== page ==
According to Census Bureau projections these groups will grow to 22 percent of the
population by 2050. ~ Put another way, the white population, which in 2000 made up
about 70 percent of the population, will comprise only 50 percent of the US population
by the year 2050. If the education gap described above is not corrected, the resulting
mismatch between demographic growth and academic perfonnance could have
staggering social and economic consequences.
There are a variety of political and social factors that will impact the education
industry’s short and long tenn outlooks. The continued push for standards-based
educational refonn and associated funding through the NCLB legislation will continue to
be the primary political issue in the short term. Education Secretary Margaret Spellings
has stated her commitment to enforce NCLB legislation with greater flexibility in the
years ahead. Despite this added flexibility, the Utah legislature has passed legislation
declaring that state laws be given priority over federal provisions. The National
Education Association, the nation’s largest teacher’s union, has filed a lawsuit charging
the federal government with providing too little funding. 36 The ability of the
administration and Congress to address these legal challenges will determine the success
of standards-based reform. Within the Congress, debate will continue to focus on the
adequacy of funding for NCLB. As previously noted, critics have already claimed that
the President and Congress have “left behind 4.6 million children by failing to provide
enough resources” to the sum of $26 billion. 37 However, if properly implemented with
flexibility and adaptability, NCLB will improve performance over the long term. In
addition, action is required to recruit and retain qualified teachers. Improved
compensation, effective mentoring programs, and administrative and professional support
are critical to meeting future workforce requirements. The industry must intensify efforts
to develop a robust science and engineering pipeline to replace significant losses in the
workforce. Generating student interest in science and engineering during all phases of
elementary and secondary education, increasing minority participation and achievement,
and recruiting and retaining a highly qualified math and science teaching corps, are
essential elements to maintaining US prowess in science and engineering.
Changing demographics will fundamentally change the scope of efforts required to
successfully educate the US population as a whole. All sectors of the education industry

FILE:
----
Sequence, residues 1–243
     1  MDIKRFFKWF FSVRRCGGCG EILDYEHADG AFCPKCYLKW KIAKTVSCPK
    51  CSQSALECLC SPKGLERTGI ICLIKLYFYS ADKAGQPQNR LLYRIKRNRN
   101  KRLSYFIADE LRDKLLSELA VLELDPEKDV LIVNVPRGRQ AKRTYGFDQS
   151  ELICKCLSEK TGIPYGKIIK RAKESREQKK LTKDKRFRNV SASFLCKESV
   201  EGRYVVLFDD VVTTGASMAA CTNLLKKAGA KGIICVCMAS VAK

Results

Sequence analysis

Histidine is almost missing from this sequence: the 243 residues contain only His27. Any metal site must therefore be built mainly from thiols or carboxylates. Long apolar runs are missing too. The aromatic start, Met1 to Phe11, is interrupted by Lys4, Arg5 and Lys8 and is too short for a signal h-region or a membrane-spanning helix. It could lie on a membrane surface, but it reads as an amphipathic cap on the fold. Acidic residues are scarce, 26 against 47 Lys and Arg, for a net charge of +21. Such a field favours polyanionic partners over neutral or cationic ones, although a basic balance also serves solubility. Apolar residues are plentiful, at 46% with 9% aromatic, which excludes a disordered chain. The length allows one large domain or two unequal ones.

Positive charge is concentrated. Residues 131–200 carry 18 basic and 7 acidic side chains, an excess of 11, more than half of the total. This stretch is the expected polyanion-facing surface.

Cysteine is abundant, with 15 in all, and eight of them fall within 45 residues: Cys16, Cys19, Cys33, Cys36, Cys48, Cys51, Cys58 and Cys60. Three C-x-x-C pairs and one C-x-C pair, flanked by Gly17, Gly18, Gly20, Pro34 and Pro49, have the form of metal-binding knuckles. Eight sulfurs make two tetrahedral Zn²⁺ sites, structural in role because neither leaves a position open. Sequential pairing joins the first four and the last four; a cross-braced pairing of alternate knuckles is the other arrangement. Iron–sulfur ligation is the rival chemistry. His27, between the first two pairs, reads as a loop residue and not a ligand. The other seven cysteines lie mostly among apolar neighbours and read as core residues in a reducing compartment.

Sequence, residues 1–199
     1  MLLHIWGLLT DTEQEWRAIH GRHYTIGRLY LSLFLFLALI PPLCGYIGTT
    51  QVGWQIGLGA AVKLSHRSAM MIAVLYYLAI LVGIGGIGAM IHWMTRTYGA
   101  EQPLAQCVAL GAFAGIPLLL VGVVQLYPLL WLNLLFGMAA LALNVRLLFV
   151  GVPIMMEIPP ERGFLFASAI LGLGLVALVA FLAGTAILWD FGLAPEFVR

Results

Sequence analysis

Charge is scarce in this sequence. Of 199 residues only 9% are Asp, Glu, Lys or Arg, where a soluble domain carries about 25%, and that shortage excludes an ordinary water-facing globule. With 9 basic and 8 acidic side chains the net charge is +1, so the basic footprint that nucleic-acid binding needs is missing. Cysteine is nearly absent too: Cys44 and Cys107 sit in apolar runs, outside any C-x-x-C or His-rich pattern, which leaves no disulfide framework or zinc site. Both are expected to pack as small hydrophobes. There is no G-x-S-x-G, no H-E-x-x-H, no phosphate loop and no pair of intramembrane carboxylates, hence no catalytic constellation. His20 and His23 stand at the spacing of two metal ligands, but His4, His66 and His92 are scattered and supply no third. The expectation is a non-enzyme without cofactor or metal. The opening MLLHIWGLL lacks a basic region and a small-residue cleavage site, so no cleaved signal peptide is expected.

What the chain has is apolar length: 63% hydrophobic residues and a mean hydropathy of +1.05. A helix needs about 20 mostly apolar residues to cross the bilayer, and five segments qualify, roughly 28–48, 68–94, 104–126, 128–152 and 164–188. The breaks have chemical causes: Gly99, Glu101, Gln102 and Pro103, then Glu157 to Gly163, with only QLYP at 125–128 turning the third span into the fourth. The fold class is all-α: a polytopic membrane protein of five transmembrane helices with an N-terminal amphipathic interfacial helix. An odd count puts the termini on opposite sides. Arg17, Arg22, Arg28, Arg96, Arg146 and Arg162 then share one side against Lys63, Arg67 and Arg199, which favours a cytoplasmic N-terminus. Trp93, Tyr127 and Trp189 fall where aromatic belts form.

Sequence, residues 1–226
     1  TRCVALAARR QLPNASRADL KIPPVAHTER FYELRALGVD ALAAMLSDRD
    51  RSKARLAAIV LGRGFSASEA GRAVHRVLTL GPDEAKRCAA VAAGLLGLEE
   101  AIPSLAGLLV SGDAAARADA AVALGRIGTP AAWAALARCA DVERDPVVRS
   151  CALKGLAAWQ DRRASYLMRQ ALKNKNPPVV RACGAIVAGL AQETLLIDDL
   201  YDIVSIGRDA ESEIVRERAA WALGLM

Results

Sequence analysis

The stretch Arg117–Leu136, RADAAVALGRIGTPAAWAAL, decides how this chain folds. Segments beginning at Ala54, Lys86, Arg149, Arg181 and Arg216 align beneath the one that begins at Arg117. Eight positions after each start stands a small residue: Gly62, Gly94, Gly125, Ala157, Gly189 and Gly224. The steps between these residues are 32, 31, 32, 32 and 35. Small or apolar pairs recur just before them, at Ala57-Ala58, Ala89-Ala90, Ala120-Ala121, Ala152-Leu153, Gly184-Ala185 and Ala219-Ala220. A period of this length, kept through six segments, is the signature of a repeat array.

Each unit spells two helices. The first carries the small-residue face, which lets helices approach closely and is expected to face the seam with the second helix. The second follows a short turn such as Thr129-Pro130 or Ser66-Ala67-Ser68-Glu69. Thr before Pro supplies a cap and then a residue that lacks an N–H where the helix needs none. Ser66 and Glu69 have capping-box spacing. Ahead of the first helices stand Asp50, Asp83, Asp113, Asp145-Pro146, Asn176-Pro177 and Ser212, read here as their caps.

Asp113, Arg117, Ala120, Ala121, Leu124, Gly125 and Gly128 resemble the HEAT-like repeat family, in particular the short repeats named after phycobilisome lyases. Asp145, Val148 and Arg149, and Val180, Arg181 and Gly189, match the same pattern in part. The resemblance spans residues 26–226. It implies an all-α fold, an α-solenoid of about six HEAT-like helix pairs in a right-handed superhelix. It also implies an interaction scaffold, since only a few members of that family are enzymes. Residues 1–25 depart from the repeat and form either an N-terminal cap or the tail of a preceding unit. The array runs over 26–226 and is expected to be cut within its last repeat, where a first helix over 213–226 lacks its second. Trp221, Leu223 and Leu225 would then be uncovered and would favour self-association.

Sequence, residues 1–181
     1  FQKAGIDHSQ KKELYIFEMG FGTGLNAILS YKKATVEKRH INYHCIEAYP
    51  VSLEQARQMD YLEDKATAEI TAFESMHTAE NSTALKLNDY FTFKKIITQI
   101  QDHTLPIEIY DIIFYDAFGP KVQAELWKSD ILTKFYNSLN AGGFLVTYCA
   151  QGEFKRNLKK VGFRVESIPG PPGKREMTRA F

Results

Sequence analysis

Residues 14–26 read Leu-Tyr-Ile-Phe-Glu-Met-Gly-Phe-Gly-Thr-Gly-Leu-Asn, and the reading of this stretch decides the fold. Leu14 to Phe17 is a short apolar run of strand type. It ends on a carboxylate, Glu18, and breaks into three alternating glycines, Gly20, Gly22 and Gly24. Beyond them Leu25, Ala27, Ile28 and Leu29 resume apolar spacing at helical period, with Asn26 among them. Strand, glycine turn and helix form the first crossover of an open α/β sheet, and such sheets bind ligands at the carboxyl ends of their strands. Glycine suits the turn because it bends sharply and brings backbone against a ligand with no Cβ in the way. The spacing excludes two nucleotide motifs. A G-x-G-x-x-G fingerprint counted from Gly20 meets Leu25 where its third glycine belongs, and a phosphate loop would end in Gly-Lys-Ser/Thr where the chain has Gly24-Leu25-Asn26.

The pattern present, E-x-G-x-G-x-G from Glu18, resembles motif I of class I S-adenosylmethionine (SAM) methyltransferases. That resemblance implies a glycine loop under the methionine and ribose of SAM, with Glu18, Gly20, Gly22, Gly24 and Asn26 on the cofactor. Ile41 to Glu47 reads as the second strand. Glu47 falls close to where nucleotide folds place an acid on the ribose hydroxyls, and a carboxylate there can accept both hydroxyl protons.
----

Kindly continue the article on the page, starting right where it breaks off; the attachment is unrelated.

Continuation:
must play a role in meeting this challenge. Alternative elementary and secondary
schools, community colleges, corporate education and job training programs must
recognize the needs of a very diverse population and produce a workforce that satisfies
growing demands at a variety of skill levels. Private industry must make investments in
education that promote creation of a technically proficient labor force that excels within
an increasingly competitive global marketplace. As the US Commission on National
Security for the 21 st Century warns, if the nation does not take action now
“.. .complacency with our current achievement of national wealth and international power
will put all of this at risk.” 38
GOVERNMENT GOALS AND ROLE:
Each level of government (Federal, state, and local) has a role in education, but state
and local governments play the largest role. For Academic Year 2002-2003, government
funding for elementary and secondary schooling was as follows:
*Other is comprised of private funding.
The relatively small Federal role is derived from the US Constitution’s Tenth
Amendment: “The powers not delegated to the United States by the Constitution, nor
prohibited by it to the States, are reserved to the States respectively, or to the people.” 40
Because the Constitution does not discuss education, the states have historically taken the
dominant role. This is appropriate, because state and local control of education allows
each locality to meet any unique educational needs and allows for regional differences in
educational content and delivery. Although the United States education system is
primarily funded and run at the state and local levels, the Federal Government does have
a role. Because an educated population is vital to national security and prosperity, the
Federal government has a vested interest in ensuring that state and local governments are
adequately educating their students. The Federal Government exercises its oversight in